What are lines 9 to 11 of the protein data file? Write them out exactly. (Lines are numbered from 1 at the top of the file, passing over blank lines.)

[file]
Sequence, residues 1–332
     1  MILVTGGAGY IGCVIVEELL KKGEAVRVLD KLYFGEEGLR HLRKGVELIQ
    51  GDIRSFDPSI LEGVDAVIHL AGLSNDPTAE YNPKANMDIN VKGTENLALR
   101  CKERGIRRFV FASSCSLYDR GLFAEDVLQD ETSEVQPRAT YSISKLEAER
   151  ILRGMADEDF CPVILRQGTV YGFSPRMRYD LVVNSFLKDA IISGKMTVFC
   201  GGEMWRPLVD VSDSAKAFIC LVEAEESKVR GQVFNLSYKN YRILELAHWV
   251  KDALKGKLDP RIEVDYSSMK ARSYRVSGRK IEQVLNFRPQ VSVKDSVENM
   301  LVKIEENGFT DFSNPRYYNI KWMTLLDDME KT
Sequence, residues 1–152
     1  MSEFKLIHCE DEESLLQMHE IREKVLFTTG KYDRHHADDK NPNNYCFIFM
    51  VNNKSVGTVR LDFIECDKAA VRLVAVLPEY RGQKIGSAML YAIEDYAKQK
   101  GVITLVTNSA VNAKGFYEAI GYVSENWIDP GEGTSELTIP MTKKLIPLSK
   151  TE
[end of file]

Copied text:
Sequence, residues 1–152
     1  MSEFKLIHCE DEESLLQMHE IREKVLFTTG KYDRHHADDK NPNNYCFIFM
    51  VNNKSVGTVR LDFIECDKAA VRLVAVLPEY RGQKIGSAML YAIEDYAKQK